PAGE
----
The Shakers spread "from New York and New England," to Ohio and Kentucky, and considered communism to be a part of their "religion." They opposed marriage and the family as being in opposition to communism, just as The Communist Manifesto did.
Then there were the "Harmonists" or "Rappites," founded by one George Rapp in the early 1800s in Harmony, Indiana. Rapp enforced a "puritan atmosphere" where, after he fathered four children, he forbade his followers from having sex. Rapp’s followers followed his every direction as he promised them a communist utopia on Earth.
The "Zoarites" of eastern Ohio attempted to create another communistic utopia in the 1830s. "In heaven there is only communism" was their credo. They promised to eliminate selfishness, bad habits, and vices generally.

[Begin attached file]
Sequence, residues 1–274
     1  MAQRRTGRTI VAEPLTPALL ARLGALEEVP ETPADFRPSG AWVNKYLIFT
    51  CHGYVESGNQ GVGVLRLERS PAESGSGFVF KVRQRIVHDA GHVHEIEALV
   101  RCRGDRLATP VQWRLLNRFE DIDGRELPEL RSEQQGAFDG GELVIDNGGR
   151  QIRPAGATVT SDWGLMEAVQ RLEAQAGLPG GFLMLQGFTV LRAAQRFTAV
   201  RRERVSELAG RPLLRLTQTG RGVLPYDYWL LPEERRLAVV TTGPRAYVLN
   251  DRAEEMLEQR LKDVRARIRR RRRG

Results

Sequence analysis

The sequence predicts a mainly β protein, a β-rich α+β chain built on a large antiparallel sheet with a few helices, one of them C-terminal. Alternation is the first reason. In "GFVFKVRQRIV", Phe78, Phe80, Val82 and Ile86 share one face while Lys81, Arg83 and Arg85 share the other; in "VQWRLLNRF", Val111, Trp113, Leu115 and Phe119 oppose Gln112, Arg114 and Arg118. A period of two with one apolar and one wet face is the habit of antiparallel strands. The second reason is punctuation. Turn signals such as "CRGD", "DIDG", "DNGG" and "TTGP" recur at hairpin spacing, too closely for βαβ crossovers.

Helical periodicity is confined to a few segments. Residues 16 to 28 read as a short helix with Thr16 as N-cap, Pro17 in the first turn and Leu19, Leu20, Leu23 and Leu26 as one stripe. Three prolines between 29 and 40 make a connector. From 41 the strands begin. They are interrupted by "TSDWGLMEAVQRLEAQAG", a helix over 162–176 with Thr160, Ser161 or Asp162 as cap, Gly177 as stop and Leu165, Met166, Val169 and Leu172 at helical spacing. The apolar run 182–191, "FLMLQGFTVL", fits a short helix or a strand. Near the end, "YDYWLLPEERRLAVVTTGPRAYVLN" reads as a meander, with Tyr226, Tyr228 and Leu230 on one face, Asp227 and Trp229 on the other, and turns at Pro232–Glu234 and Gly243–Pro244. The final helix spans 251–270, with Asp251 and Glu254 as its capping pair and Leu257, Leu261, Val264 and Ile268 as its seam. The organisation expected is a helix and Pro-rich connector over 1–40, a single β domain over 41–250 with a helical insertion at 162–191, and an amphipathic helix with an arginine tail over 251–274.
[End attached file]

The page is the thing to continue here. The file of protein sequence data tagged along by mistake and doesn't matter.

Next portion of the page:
Perhaps the most famous Yankee socialist experiment was the one in New Harmony, Indiana, which was renamed from George Rapp’s Harmony by one Robert Owen. New Harmony, founded in 1826, was based on the idea that private property is "absurd and irrational." Owen sought to eliminate private property as well as personal responsibility, the family, religion, and marriage in order to produce his own version of heaven on earth. There were Owenite clubs in various communities in America, and it was the Owenites who coined the word "socialism." Their core belief was the abrogation of individual responsibility. The state, run by people like themselves, should be responsible for everything instead. Man is not responsible for his own actions, they said. Based on such a harebrained philosophy, New Harmony only lasted for two years. Despite the disaster of New Harmony, there were various Owenite copycats, such as Ohio’s Friendly Association for Mutual Interests and the Yellow Springs (Ohio) community, each of which lasted only a few months.